Russian Tsvetnaya Bolonka

At first glance, the Bolonka Zwetna is not one of the most conspicuous breeds, but the Russian four-legged friends are sly old dogs. Steeped in history, the dogs come in almost every imaginable color and are even an option for allergy sufferers.

From France to Russia – the Bolonka Zwetna has come a long way and has now made it into the hearts of German dog owners.

Size: up to 26 cm
Weight: 3kg to 4kg
Coat Length: Medium
Coat color: All allowed except for white and piebald
Country of origin: Russia

Origin of the Bolonka Zwetna

The Bolonka is a dog steeped in history. His ancestor is the Bolonka Franzuska, i.e. the “French lap dog”. It is believed that this breed was imported to Russia on and off due to the relationship between the French and Russian nobility. King Louis XIV is even said to have given the Russian Tsar a Bolonka Franzuska as a gift. In Russia, however, there were too few dogs of this breed to continue breeding, so a solution was sought.

This consisted of mating the local Bolonkas with other breeds such as the Bolognese, Shih Tzu and Lhasa Apso. This not only created a wide range of coat colors, but also the desire for a national dwarf dog breed. In 1966 a breed standard of the Bolonka Zwetna was presented by the Cynological Council of the Soviet Ministry of Agriculture. Bolonka translates as “lapdog” and Zwetna means “colorful”, so to speak, the birth of the Russian lapdog.

Despite efforts, the breed is still not recognized by the FCI (Féderation Cynologique Internationale). However, the United Kennel Club has recognized the Bolonka Zwetna internationally and the VDH (German Kennel Club) has recognized it nationally. So the French has become a Russian lapdog.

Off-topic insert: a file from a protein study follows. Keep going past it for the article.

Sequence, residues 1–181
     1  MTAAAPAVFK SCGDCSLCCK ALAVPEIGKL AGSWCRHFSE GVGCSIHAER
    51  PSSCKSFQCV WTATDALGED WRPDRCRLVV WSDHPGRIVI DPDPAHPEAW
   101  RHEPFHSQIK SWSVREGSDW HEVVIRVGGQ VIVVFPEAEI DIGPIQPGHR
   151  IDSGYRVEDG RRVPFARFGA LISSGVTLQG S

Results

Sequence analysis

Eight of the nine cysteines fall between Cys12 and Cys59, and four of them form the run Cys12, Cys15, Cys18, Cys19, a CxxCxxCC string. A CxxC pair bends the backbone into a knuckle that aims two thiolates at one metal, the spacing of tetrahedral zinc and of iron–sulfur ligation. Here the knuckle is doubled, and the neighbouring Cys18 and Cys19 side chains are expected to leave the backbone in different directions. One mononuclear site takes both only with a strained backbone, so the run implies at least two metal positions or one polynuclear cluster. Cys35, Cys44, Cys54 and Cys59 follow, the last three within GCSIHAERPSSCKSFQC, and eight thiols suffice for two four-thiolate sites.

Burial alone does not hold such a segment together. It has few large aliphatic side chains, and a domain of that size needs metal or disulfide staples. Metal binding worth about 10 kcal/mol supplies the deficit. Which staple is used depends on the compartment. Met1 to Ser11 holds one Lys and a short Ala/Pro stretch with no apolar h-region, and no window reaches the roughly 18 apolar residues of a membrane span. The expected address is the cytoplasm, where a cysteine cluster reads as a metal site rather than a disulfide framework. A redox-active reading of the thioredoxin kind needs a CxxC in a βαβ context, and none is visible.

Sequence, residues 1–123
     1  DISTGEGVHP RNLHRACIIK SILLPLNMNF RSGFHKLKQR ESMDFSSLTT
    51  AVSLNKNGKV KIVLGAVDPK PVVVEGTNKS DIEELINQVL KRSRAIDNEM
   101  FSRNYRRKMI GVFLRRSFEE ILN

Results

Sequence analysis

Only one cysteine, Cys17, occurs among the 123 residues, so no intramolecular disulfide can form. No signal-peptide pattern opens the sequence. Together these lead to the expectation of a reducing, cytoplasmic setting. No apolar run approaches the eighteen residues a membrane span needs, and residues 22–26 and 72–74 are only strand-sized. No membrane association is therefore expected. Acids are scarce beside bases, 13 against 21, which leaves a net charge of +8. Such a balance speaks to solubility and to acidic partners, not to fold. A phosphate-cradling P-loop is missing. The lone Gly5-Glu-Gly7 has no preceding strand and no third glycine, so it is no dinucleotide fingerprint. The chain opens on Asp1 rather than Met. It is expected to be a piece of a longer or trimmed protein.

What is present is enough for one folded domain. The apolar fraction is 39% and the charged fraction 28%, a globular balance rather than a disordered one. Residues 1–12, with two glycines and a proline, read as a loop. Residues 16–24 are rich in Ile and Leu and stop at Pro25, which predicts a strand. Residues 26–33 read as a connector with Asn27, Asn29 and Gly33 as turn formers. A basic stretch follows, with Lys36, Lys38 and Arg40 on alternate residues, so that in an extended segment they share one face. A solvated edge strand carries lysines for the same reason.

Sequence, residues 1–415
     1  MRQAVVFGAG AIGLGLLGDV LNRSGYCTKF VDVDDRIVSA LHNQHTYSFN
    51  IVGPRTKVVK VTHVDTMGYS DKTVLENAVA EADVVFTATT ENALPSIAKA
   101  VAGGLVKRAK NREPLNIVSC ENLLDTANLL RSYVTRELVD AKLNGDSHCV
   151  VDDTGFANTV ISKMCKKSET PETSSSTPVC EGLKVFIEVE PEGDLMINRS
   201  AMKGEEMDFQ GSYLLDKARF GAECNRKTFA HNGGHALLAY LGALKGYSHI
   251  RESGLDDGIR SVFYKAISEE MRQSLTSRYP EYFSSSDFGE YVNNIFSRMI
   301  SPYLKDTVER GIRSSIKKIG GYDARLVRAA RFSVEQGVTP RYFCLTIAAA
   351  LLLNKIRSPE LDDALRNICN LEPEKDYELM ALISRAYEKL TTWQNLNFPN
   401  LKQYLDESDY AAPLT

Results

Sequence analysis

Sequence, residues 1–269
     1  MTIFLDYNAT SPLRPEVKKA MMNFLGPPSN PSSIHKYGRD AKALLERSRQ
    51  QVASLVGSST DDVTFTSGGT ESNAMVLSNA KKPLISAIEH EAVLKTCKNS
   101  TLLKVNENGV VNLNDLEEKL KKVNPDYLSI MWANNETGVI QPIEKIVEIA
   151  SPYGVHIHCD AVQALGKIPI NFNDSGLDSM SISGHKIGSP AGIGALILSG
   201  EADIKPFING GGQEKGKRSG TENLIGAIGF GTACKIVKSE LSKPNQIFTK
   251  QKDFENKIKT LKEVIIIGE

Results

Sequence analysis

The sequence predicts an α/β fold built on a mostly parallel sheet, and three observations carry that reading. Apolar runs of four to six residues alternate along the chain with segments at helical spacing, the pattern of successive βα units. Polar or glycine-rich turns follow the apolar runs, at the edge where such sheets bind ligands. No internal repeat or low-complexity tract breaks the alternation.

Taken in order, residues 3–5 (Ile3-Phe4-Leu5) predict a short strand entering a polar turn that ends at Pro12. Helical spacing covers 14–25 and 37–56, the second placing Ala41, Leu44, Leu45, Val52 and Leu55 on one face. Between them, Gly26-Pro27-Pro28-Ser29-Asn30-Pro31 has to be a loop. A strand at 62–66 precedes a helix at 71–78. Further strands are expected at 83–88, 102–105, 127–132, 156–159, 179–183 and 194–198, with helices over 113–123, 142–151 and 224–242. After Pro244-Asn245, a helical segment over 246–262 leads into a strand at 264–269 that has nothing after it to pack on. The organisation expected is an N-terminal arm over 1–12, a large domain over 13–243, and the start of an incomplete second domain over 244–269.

The appearance of the Bolonka Zwetna

The Bolonka Zwetna is a small, slightly elongated dog with a harmonious physique. As a rule, the breed reaches a weight between 3 kg and 4 kg. Visually, hardly any other breed can keep up with such a variation in coat colors. Except for white and piebald, everything is allowed and represented.

Fur and color of the Bolonka Zwetna

The Bolonka Zwetna is not only a cheerful and colorful character but also visually in diversity can hardly be surpassed by any other breed. The only exceptions are the color patterns white and piebald. But otherwise, everything is represented and allowed from cream to apricot, fox red, coffee brown to deep black. For this reason, there is no characteristic color that would be typical of the breed. Rather the opposite is the case, numerous gradations and shades make each dog visually unique.

But it gets even more special: With the Bolonka Zwetna, a distinction can also be made between two types of two-tone. The first variant refers to a clear demarcation of two colors in the coat. The second variant refers to the two-tone nature of the individual hair and is also called “tipped bicolour”. Puppies with this coat and color pattern are usually born with brown or black coats. With age, a pigment change takes place and the fur that grows back becomes significantly lighter. Only the ends of the hair retain the dark original pigment. Over time, the dark dog becomes a light dog. This change then remains permanent. In addition, the Bolonka Zwetna is suitable for people with a dog hair allergy, as it sheds almost no fur.